Newline

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For other uses, see New Line (disambiguation). Newline_sentence_0

Newline (frequently called line ending, end of line (EOL), line feed, or line break) is a control character or sequence of control characters in a character encoding specification (e.g. ASCII or EBCDIC) that is used to signify the end of a and the start of a new one. Newline_sentence_1

Some text editors set this special character when pressing the ↵ Enter key. Newline_sentence_2

When displaying (or printing) a , this control character causes the text editor to show the following characters in a new line. Newline_sentence_3

History Newline_section_0

In the mid-1800s, long before the advent of teleprinters and teletype machines, Morse code operators or telegraphists invented and used Morse code prosigns to encode white space text formatting in formal written text messages. Newline_sentence_4

In particular the Morse prosign represented by the concatenation of two literal textual Morse code "A" characters sent without the normal inter-character spacing is used in Morse code to encode and indicate a new line in a formal text message. Newline_sentence_5

Later in the age of modern teleprinters standardized character set control codes were developed to aid in white space text formatting. Newline_sentence_6

ASCII was developed simultaneously by the International Organization for Standardization (ISO) and the American Standards Association (ASA), the latter being the predecessor organization to American National Standards Institute (ANSI). Newline_sentence_7

During the period of 1963 to 1968, the ISO draft standards supported the use of either CR+LF or LF alone as a newline, while the ASA drafts supported only CR+LF. Newline_sentence_8

The sequence CR+LF was commonly used on many early computer systems that had adopted Teletype machines—typically a Teletype Model 33 ASR—as a console device, because this sequence was required to position those printers at the start of a new line. Newline_sentence_9

The separation of newline into two functions concealed the fact that the print head could not return from the far right to the beginning of the next line in time to print the next character. Newline_sentence_10

Any character printed after a CR would often print as a smudge in the middle of the page while the print head was still moving the carriage back to the first position. Newline_sentence_11

"The solution was to make the newline two characters: CR to move the carriage to column one, and LF to move the paper up." Newline_sentence_12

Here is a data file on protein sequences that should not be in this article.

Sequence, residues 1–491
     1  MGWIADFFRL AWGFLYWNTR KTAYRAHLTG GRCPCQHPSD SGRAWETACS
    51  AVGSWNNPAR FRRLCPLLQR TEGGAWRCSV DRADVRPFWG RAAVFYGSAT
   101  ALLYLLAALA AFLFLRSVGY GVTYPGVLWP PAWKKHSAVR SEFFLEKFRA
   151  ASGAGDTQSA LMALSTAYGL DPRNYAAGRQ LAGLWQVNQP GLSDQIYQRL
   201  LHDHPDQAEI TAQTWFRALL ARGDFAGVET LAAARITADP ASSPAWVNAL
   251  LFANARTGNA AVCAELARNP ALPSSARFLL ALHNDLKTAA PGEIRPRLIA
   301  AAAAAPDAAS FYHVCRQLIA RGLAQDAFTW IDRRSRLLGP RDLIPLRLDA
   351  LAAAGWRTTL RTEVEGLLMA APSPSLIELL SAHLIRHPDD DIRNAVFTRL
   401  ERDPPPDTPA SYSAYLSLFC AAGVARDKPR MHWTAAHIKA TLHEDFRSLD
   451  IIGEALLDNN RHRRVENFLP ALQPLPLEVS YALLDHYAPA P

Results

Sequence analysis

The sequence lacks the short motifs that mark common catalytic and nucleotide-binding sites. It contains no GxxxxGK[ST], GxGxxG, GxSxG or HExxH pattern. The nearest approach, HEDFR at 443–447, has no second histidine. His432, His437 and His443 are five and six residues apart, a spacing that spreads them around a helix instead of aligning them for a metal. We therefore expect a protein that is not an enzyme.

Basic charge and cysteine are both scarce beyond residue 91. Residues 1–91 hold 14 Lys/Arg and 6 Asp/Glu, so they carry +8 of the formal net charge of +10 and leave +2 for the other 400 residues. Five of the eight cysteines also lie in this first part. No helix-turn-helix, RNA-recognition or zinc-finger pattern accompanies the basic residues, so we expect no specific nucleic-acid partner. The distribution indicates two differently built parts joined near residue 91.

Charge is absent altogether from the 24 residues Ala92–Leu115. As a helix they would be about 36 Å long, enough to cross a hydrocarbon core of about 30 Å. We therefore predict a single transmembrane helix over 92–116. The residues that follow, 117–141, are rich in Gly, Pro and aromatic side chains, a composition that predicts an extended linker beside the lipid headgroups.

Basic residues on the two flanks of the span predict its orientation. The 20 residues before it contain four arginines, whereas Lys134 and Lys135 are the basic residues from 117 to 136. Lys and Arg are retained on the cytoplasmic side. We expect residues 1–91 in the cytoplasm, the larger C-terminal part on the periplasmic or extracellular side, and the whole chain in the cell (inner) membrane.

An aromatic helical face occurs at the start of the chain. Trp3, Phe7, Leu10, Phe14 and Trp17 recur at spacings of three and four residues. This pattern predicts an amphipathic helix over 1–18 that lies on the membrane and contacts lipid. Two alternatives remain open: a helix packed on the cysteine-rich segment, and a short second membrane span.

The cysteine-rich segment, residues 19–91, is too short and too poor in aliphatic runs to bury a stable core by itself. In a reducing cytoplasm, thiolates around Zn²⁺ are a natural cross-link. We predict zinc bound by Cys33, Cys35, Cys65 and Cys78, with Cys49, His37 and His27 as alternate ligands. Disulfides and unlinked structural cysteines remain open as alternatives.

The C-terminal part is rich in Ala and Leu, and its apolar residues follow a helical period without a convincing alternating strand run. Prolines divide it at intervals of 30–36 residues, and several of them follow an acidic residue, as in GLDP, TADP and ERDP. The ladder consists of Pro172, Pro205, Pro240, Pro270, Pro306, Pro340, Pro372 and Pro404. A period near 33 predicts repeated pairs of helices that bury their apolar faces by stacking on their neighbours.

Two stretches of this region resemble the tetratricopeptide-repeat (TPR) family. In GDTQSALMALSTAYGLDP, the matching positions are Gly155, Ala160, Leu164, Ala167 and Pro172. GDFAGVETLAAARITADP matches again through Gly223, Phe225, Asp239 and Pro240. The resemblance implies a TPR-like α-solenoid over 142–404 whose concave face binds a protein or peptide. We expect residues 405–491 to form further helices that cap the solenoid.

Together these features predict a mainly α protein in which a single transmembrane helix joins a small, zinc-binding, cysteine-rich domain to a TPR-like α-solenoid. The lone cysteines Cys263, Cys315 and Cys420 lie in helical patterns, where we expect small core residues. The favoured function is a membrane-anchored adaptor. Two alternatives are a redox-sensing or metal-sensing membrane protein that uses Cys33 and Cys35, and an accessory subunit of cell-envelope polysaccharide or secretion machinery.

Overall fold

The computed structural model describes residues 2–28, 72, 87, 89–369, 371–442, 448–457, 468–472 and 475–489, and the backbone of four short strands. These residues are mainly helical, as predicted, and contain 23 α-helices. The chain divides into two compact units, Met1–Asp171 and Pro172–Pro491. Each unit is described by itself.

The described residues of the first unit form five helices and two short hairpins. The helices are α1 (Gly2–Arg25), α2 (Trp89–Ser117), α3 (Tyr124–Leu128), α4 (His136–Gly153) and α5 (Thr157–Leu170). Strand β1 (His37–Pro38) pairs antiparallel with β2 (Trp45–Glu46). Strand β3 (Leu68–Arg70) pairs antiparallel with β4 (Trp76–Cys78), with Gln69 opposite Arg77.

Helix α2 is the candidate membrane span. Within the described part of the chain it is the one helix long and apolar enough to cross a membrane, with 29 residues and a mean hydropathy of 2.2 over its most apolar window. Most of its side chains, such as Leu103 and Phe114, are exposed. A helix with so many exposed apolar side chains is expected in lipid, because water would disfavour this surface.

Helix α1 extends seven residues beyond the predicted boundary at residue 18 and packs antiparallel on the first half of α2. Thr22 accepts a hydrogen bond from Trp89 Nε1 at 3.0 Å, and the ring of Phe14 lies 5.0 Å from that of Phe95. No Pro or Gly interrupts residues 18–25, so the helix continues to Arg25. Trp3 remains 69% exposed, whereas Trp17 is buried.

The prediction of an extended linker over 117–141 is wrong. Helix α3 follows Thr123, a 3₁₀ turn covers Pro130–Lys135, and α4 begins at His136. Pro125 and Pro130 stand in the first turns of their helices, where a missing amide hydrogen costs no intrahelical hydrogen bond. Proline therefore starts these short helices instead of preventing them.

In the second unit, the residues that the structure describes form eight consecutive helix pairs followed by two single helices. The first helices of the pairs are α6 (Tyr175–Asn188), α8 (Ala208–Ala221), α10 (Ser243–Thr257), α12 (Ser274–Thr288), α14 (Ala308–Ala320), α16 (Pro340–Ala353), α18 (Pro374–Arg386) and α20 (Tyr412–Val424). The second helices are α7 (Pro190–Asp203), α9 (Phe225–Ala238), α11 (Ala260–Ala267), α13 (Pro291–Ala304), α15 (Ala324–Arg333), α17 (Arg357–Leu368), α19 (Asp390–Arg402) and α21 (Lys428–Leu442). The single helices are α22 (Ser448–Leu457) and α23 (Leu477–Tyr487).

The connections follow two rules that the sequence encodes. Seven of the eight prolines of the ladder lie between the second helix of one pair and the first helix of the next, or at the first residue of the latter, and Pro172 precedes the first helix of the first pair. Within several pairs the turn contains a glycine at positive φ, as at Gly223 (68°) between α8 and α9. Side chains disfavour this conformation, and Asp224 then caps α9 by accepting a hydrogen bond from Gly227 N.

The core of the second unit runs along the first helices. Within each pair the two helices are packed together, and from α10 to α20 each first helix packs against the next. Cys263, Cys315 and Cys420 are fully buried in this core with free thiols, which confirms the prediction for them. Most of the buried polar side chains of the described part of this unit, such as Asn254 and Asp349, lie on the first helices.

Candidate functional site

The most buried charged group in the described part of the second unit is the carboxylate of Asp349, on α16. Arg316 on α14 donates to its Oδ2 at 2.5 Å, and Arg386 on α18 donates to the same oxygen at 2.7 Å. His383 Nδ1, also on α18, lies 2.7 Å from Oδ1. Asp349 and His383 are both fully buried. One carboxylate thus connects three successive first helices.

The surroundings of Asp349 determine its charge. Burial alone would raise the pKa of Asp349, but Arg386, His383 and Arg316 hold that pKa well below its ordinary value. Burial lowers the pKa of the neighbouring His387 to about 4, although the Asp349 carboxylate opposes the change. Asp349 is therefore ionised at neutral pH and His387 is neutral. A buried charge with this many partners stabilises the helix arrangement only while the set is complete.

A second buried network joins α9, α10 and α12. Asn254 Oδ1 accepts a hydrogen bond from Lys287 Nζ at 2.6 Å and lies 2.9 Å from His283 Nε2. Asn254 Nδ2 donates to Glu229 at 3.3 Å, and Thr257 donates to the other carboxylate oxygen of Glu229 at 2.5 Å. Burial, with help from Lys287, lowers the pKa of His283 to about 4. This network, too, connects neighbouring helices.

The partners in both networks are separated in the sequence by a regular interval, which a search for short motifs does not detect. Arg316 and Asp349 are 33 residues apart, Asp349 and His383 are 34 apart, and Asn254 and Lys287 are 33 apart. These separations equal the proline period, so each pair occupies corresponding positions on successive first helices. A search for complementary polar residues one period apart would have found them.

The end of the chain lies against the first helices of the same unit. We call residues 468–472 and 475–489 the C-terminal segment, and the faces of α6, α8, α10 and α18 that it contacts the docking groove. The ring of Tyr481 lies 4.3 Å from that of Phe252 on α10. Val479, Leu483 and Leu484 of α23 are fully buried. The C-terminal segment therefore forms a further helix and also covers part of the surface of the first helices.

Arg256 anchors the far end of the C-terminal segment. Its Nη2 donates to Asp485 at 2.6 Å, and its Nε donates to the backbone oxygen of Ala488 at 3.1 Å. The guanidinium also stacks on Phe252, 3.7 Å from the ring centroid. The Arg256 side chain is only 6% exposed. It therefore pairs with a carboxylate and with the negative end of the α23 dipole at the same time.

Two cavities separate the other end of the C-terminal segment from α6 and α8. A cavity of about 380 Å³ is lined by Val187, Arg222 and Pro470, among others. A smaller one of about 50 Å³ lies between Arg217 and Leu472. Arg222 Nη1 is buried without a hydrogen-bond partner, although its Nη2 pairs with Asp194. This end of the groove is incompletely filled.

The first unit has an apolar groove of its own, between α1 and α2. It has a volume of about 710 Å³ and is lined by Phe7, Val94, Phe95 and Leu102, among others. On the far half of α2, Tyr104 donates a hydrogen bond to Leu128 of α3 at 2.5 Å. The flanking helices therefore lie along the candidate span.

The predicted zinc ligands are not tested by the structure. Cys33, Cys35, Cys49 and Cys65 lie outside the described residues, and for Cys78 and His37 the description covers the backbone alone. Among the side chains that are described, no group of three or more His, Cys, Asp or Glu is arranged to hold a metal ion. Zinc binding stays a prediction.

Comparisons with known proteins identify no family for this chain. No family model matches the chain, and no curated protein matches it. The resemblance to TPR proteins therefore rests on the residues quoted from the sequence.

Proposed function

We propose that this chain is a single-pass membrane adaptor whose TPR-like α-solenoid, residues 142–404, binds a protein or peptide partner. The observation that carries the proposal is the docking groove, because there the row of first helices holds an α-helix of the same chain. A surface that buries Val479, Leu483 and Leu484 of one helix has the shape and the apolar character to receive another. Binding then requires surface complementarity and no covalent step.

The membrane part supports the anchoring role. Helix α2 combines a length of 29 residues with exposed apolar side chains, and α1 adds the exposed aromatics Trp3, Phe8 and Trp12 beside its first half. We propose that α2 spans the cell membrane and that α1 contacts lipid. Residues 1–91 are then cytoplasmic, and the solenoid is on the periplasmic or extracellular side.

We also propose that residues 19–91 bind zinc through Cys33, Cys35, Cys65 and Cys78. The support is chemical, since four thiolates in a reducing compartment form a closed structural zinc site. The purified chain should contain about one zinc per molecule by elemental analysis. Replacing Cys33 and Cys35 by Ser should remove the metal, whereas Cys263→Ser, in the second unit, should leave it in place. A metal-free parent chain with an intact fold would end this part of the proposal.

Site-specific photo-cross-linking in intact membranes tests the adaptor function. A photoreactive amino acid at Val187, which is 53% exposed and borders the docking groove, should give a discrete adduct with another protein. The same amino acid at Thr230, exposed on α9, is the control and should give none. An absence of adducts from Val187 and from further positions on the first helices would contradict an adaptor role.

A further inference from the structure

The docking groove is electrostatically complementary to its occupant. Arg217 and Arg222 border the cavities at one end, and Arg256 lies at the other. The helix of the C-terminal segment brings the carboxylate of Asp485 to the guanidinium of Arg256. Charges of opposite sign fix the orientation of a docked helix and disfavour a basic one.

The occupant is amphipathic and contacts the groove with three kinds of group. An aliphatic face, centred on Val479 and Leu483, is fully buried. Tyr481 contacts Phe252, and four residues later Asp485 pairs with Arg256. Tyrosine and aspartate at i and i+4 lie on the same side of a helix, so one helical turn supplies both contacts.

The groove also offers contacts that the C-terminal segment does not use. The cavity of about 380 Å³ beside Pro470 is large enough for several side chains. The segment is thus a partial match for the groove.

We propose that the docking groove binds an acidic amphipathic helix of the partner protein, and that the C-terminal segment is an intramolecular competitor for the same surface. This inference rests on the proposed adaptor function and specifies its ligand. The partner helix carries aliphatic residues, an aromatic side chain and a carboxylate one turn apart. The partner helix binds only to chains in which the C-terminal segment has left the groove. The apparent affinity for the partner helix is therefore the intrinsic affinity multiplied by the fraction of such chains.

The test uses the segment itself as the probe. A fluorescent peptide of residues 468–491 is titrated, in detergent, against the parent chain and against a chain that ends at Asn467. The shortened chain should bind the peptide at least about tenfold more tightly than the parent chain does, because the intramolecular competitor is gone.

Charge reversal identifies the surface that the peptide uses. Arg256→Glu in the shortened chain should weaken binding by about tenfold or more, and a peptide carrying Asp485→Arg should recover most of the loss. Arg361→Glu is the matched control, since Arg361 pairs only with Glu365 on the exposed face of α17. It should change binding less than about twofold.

In fact, it was often necessary to send extra characters—extraneous CRs or NULs—which are ignored but give the print head time to move to the left margin. Newline_sentence_13

Many early video displays also required multiple character times to scroll the display. Newline_sentence_14

On such systems, applications had to talk directly to the Teletype machine and follow its conventions since the concept of device drivers hiding such hardware details from the application was not yet well developed. Newline_sentence_15

Therefore, text was routinely composed to satisfy the needs of Teletype machines. Newline_sentence_16

Most minicomputer systems from DEC used this convention. Newline_sentence_17

CP/M also used it in order to print on the same terminals that minicomputers used. Newline_sentence_18

From there MS-DOS (1981) adopted CP/M's CR+LF in order to be compatible, and this convention was inherited by Microsoft's later Windows operating system. Newline_sentence_19

The Multics operating system began development in 1964 and used LF alone as its newline. Newline_sentence_20

Multics used a device driver to translate this character to whatever sequence a printer needed (including extra padding characters), and the single byte was more convenient for programming. Newline_sentence_21

What seems like a more obvious choice—CR—was not used, as CR provided the useful function of overprinting one line with another to create boldface and strikethrough effects. Newline_sentence_22

Perhaps more importantly, the use of LF alone as a line terminator had already been incorporated into drafts of the eventual ISO/IEC 646 standard. Newline_sentence_23

Unix followed the Multics practice, and later Unix-like systems followed Unix. Newline_sentence_24